Stephen Curry scored seven of his game-high 37 points in the final 88 seconds to help a sloppy Golden State Warriors overcome 20 turnovers and remain unbeaten with a 115-110 win over the Toronto Raptors on Tuesday.
"We can play better than this," Curry told reporters after the league's sole remaining undefeated team improved to 12-0 on the season and tied a franchise record for consecutive regular-season wins with 16 dating back to the last campaign.
"We hold ourselves to a high standard. Everybody likes to learn lessons and win," he added of a hard-fought victory that was also Golden State's 25th straight at home during the regular season.
The Warriors, who trailed 98-96 with 5:54 to play, had moved 106-103 ahead before Curry buried a 15-footer to create a five-point cushion with 1:28 to go.
Golden State did the rest of its scoring at the foul line, with Curry making five of six and power forward Draymond Green two in a row to keep Toronto at arm's length down the stretch.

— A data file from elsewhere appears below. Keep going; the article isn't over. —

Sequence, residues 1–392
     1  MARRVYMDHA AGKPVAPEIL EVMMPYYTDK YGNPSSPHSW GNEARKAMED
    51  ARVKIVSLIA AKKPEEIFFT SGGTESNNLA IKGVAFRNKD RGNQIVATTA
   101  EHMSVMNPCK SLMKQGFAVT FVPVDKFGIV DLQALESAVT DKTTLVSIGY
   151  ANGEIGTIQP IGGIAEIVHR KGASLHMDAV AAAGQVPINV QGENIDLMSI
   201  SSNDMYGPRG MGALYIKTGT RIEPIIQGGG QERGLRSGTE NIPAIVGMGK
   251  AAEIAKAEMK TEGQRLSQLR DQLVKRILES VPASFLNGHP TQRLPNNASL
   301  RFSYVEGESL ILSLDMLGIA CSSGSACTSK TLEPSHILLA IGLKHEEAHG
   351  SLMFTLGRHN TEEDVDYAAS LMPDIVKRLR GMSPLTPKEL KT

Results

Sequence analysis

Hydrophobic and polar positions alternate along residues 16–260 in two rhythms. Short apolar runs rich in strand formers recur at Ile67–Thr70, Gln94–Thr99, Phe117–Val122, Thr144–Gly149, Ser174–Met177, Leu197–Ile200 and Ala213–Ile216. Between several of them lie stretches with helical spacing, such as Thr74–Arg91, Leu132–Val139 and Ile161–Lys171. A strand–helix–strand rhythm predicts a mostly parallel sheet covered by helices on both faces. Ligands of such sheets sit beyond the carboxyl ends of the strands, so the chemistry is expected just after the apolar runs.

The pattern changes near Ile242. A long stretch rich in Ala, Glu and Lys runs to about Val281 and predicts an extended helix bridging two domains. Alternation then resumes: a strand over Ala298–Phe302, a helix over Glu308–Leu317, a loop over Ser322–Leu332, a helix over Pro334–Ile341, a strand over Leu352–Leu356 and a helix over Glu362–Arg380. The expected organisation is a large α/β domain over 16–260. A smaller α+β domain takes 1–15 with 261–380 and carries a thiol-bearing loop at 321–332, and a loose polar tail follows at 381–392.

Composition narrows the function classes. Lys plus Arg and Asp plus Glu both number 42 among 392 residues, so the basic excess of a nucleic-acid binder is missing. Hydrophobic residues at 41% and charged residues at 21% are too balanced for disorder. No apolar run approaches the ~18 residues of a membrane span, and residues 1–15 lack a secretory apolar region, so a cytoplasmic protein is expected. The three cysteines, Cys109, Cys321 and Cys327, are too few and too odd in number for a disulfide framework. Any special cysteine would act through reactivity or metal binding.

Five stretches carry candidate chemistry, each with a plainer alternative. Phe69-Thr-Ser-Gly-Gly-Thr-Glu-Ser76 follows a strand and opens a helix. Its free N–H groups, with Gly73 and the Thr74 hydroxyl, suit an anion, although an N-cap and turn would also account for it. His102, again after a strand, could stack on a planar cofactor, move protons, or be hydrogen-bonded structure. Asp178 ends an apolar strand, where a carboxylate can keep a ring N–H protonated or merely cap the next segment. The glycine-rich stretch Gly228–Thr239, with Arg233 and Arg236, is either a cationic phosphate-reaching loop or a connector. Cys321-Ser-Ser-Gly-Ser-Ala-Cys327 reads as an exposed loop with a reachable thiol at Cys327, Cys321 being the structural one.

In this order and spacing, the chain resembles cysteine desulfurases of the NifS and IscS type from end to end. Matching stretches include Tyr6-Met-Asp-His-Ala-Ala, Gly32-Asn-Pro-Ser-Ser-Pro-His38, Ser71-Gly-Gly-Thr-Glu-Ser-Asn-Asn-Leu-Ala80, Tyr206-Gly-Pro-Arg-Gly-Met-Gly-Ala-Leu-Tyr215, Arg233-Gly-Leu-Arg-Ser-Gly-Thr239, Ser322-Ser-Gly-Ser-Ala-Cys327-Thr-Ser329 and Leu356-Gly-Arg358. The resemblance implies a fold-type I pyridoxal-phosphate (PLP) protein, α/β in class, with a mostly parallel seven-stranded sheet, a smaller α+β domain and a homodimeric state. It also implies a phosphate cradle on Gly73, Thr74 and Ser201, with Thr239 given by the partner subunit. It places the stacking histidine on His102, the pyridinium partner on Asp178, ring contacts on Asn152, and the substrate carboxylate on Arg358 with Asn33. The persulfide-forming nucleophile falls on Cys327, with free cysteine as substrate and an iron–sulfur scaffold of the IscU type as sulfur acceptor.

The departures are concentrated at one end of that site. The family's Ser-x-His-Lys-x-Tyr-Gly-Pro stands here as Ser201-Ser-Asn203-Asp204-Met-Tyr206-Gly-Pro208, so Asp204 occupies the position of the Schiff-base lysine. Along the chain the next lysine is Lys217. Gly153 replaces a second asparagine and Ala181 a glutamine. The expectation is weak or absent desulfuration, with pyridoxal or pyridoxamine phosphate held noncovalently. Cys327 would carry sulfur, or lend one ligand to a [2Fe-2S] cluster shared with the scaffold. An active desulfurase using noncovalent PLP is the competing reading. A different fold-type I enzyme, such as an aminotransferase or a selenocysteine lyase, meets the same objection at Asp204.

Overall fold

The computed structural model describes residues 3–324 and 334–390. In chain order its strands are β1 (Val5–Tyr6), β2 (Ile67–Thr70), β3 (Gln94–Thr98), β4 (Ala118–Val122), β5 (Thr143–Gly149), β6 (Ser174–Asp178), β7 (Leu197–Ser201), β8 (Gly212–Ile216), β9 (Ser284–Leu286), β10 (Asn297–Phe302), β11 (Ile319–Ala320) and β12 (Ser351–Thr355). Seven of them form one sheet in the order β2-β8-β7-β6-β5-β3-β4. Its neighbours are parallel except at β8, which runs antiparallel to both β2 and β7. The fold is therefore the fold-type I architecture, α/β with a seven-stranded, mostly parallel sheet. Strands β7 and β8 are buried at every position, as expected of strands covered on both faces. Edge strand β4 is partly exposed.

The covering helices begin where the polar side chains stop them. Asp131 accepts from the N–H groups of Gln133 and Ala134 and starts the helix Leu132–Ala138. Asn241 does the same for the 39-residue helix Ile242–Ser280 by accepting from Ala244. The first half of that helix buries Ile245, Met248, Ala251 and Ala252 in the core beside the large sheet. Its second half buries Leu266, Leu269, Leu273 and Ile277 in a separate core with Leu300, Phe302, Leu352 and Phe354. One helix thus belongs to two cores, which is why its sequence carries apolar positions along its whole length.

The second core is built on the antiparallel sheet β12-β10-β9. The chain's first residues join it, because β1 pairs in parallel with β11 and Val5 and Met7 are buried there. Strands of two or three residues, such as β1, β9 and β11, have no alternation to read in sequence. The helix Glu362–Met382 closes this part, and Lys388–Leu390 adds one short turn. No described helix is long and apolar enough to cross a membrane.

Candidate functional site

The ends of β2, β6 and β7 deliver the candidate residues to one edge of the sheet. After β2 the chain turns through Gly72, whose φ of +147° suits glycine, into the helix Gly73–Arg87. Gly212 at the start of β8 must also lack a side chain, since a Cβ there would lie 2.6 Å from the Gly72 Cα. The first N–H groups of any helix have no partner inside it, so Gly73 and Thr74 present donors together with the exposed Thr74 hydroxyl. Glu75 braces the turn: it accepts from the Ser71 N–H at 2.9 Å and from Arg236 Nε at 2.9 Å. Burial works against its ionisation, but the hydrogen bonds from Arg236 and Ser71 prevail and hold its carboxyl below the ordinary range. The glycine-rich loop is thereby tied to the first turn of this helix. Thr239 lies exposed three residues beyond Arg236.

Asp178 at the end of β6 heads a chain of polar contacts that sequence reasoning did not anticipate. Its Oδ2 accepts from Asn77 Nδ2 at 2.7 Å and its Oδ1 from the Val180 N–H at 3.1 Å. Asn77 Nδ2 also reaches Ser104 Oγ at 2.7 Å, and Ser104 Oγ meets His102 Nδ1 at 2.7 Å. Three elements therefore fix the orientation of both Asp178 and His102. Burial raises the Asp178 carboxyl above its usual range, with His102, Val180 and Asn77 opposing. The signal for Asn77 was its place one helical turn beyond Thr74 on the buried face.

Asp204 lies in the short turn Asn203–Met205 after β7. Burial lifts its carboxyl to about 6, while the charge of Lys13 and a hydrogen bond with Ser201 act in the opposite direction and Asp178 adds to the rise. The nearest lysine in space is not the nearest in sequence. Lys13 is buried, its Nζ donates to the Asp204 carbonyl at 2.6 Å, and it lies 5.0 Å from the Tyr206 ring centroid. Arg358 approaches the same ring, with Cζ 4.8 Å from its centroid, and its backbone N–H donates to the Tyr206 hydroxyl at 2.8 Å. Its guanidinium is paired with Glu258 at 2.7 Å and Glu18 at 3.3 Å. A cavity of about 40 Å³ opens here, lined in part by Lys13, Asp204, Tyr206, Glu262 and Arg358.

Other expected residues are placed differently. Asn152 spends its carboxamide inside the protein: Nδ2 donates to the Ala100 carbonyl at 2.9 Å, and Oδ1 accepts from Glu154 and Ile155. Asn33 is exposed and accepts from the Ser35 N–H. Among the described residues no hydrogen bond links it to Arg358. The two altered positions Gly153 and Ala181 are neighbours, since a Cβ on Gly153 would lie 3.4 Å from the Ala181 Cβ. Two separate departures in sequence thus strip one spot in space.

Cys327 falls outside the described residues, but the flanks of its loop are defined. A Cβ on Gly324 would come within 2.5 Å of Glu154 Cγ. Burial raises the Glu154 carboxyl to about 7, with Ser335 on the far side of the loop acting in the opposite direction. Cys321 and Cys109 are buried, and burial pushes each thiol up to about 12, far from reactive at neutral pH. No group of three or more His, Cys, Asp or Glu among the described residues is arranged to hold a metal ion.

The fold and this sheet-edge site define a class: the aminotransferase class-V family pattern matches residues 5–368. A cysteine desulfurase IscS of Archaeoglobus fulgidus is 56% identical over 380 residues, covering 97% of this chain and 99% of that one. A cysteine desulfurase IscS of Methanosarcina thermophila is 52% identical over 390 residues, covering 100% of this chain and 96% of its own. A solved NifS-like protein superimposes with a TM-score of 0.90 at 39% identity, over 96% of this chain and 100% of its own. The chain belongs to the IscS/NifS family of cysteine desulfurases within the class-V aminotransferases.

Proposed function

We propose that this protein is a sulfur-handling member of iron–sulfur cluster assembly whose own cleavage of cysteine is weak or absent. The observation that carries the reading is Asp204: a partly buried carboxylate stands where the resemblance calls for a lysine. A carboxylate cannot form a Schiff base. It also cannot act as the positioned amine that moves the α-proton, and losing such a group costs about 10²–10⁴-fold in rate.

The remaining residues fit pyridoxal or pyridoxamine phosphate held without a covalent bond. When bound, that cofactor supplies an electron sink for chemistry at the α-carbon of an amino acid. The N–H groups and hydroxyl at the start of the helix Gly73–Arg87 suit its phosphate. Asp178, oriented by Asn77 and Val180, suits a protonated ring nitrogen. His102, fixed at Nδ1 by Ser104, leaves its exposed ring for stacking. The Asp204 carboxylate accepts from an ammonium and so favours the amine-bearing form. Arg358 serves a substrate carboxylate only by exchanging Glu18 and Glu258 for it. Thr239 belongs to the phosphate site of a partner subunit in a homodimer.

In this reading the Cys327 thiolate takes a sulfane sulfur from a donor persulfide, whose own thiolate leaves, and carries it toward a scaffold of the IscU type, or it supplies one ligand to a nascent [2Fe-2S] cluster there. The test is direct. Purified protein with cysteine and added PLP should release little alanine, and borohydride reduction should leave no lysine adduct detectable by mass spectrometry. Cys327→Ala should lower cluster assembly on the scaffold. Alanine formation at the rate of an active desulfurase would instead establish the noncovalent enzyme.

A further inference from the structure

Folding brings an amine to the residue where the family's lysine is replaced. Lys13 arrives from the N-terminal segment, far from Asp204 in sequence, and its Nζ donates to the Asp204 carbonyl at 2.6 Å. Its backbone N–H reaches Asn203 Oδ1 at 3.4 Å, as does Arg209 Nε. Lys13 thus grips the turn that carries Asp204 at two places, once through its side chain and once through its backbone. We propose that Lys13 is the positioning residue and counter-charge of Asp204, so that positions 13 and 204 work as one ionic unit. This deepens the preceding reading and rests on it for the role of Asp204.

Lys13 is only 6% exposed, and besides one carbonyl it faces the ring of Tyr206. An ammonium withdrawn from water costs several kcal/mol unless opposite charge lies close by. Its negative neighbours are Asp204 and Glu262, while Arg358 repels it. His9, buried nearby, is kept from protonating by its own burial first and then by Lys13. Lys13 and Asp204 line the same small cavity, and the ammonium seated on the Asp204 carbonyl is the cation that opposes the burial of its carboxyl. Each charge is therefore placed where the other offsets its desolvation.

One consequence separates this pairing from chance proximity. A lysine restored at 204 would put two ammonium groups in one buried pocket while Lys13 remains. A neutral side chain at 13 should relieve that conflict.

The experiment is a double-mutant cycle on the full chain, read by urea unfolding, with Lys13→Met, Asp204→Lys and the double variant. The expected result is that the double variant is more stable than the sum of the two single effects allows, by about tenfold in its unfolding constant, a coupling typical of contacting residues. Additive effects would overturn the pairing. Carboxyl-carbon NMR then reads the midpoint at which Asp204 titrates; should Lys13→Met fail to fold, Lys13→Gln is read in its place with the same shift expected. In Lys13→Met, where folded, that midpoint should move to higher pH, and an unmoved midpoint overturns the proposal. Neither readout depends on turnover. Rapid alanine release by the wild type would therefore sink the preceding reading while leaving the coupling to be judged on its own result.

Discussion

"We've gotten away from playing four solid quarters of basketball," Warriors interim coach Luke Walton said.
"We played a great first half tonight. But in the third quarter, I just felt like we let them get into a rhythm and build some confidence."
The loss was the Raptors' second straight to open a five-game road trip.
Stephen Curry hangs out off the court with his daughter, Riley:
"Our guys played well enough to win," Toronto coach Dwane Casey said. "We have something good going. We play like that in any game, we're going to give ourselves a chance to win."
In a game stalled to a snail's pace by 54 foul calls and 66 free throws, Casey thought one call and one non-call down the stretch doomed his team.
The non-call occurred on a driving basket by Toronto shooting guard DeMar DeRozan with 38.7 seconds remaining. The hoop brought the Raptors within 109-108 but Casey was hoping for an extra free throw opportunity that might have tied the score.
"There's a lot of contact in there," the coach said. "I've got to look at it again."
Then, after blocking a Curry layup attempt on Golden State's next possession, Raptors point guard Kyle Lowry was called for an offensive foul when he got entangled with power forward Draymond Green while setting a screen with 15.4 seconds left.
"I don't know if it was a screen or it was two guys getting tangled up," Casey said. "Again, I've got to look at it to see."
Four subsequent free throws by the Warriors iced the win.
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